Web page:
Iowa Farm Bureau Leader Appointed to CAST Board

Iowa Farm Bureau Leader Appointed to CAST Board

Iowa Farm Bureau president Craig Hill is appointed to serve on the board of highly respected Council for Ag Science and Technology.

The Council for Agricultural Science and Technology, or CAST, one of the nation's most prestigious, varied and credible sources for the study, development and communication of agriculture and food science research, has appointed Iowa Farm Bureau Federation president Craig Hill to the CAST board of trustees. Hill fills the position vacated by American Farm Bureau Federation president Bob Stallman.

WHAT CAST DOES: Members of the CAST board of trustees are asked to share their knowledge and perspectives concerning emerging issues and challenges facing agriculture and food production systems in order to further the CAST mission to communicate credible science-based information about agriculture.

 CAST is an organization dedicated to widening the reach of task force reports and scientific progress in various areas of scientific study. "Hundreds of member societies, companies, cooperatives and non-profit entities are a part of CAST. Developed in 1972, the group is the pre-eminent source of science-based information which lawmakers, regulators, policymakers, media and the public turn to -- not just in Iowa -- but around the nation.

Some of the best minds in nation share their work through CAST
Members of the CAST board of trustees are asked to share their knowledge and perspectives concerning emerging issues and challenges facing agriculture and food production systems in order to further the CAST mission to communicate credible science-based information about agriculture. "We know that Mr. Hill's extensive experience in dealing with ag issues, both at the state and national levels; will make him a valuable asset to our trustees. We welcome him to our expanding circle of active stakeholders," says Linda Chimenti, CAST executive vice president.

"Some of the best minds in the nation share their work through CAST. Whether it is research shared on genetically modified seeds or soil science, this work is vital in keeping agriculture and food and energy production sustainable, not just in Iowa, but around the nation. It is a privilege to serve on this esteemed board of trustees," says Hill. Hill begins his three-year term immediately.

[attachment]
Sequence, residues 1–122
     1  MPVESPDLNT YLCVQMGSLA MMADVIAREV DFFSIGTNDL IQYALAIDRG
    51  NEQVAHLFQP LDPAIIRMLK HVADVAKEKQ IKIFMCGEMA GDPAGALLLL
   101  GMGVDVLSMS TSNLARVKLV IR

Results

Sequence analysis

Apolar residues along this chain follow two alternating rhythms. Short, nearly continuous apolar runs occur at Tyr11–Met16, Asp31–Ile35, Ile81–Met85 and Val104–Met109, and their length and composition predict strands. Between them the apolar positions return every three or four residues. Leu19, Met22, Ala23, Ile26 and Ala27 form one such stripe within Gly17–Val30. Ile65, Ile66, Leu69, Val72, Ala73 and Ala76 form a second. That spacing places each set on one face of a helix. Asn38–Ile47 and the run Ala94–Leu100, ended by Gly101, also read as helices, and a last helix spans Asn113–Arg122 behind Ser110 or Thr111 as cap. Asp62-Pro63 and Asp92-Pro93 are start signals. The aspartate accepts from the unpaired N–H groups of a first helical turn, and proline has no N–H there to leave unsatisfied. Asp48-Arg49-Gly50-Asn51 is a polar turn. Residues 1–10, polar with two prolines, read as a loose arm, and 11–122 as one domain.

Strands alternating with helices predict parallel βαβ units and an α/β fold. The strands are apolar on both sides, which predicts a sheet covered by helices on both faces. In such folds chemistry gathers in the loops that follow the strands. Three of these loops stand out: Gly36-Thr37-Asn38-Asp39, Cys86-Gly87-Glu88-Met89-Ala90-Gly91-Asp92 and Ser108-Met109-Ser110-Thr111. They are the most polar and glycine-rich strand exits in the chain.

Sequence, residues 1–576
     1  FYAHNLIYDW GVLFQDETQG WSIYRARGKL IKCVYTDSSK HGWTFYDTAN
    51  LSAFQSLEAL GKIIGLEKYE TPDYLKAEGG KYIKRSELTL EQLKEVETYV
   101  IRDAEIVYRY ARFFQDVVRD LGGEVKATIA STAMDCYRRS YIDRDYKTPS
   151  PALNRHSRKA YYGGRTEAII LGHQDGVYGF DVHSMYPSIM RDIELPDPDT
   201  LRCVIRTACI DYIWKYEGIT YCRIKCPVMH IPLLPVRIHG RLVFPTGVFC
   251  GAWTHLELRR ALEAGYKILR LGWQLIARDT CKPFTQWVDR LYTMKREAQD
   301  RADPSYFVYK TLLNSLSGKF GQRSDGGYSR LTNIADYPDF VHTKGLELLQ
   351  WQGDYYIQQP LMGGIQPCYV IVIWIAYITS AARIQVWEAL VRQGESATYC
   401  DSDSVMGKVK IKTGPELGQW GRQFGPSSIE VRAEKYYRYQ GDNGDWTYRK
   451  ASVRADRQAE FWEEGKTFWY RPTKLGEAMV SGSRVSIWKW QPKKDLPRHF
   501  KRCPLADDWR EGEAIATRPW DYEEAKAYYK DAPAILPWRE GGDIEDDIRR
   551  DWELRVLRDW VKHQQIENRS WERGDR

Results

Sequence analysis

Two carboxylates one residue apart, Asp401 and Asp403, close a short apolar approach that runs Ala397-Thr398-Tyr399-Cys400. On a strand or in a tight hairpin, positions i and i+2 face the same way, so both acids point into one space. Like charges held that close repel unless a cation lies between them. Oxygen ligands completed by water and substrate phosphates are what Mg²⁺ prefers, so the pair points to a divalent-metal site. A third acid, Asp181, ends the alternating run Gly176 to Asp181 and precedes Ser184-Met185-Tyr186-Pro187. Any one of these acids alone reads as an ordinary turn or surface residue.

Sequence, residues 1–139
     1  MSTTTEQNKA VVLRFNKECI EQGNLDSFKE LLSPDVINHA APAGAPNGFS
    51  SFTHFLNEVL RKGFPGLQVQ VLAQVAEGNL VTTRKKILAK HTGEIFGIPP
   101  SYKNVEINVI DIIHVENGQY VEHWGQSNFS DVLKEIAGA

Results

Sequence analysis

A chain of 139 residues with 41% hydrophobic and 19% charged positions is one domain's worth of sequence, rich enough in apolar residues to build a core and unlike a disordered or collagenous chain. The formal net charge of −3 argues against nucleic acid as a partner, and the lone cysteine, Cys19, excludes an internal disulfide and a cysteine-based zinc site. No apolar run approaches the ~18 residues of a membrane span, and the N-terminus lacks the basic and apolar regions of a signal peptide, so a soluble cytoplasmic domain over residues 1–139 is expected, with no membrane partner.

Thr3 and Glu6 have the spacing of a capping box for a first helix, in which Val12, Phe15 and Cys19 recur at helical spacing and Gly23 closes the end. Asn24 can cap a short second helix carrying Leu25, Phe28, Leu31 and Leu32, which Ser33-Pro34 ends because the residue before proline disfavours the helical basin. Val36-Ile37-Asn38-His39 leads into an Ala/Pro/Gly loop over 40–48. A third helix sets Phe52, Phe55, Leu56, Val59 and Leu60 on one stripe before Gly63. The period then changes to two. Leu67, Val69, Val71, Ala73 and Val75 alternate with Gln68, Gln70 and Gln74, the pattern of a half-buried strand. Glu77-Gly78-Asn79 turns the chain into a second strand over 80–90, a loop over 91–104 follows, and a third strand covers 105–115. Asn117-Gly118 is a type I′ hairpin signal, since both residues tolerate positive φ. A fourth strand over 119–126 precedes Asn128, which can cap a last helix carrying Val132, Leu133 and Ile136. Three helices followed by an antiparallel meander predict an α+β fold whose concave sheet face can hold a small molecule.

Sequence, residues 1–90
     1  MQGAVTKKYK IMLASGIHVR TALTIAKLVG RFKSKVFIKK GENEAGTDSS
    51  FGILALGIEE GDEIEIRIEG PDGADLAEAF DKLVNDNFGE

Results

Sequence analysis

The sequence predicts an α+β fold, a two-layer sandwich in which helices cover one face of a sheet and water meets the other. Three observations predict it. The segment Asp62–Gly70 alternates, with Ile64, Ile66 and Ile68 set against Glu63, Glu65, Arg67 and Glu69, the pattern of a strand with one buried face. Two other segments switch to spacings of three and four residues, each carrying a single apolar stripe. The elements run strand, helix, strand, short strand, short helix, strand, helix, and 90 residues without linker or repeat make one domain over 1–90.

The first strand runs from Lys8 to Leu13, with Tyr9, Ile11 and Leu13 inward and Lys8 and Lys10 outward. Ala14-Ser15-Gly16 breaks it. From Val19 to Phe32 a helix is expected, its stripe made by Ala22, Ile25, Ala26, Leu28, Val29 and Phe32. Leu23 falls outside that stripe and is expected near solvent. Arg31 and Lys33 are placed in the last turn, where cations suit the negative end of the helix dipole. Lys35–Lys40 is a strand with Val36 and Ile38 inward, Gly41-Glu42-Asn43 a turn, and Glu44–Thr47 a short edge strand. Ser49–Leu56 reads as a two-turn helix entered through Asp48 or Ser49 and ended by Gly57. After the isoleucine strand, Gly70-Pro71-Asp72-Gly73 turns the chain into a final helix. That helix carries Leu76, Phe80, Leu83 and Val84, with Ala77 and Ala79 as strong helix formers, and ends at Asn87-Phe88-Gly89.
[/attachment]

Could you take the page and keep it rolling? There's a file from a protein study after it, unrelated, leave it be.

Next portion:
Third annual economic summit to focus on new market drivers
In other news from the Iowa Farm Bureau, they've announced the 2014 Iowa Farm Bureau Economic Summit will be held July 21-22 in Ames. The annual summit taps national experts on farming technology, farmland values, marketing and more.

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Farmers know that weather is one factor they can't control; but there are many more which they can leverage to assure a farm's profitability in 2015 and beyond. The 2014 Iowa Farm Bureau Economic Summit, 'Finding the Next Set of Market Drivers for Agriculture,' brings the nation's leading experts to ISU's Scheman Center, July 21-22, in Ames to help Iowa crop and livestock farmers succeed, long after this year's crop is out of the ground.

"The growing integration of technology and data into farming, changes in land values and opportunities in livestock production have the potential to also become the key drivers in ag profitability in the next decade," says Iowa IFB president Craig Hill.  The 2014 summit is designed to help Iowa farmers understand those drivers and take advantage of emerging market opportunities.

China, drones, new farm programs and other topics to be discussed
Hill says speakers at the 2014 IFBF Economic Summit are national experts that will help Iowa farmers explore a number of areas which have potential to greatly influence profitability of Iowa-grown commodities. One issue is China's rapid economic growth and its evolving demand for food. "As more Chinese move away from rural areas and into cities, they are making different choices in the types and quality of food they consume. That could make profound changes in Chinese buying patterns for soybeans, corn, pork and other products that Iowa produces," says Hill.

Iowa farmers are also facing a new set of federal government farm programs this year following the passage of the farm bill.  Big data, drones and other fast-evolving technological advances in agriculture will also have an impact on how Iowans farm.  The two-day IFBF Economic Summit is designed to provide farmers insight into managing these issues and more, by bringing in several national experts, including:

National experts on various ag topics will speak at summit
David Oppedahl, economist with the Federal Reserve Bank of Chicago; Mary Kay Thatcher, farm policy expert for the American Farm Bureau Federation; Kansas State University's Kevin Price, a national expert on the use of drones in agriculture; and Will Zhang, an Iowa-based expert on China. Tom Vilsack, U.S. Agriculture Secretary, is tentatively scheduled to give the keynote luncheon remarks on opening day.

Summit registration, which includes access to all presentations and lunch on both days, is $50 for Farm Bureau members. For non-members registration completed before July 11 is $150. Registration costs increase after July 11 to $75 for Farm Bureau members and $175 for non-members. For more info or to register visit the Iowa Farm Bureau website or call Lavonne Baldwin at 515-225-5633, or email [email protected].

TAGS: Soybean
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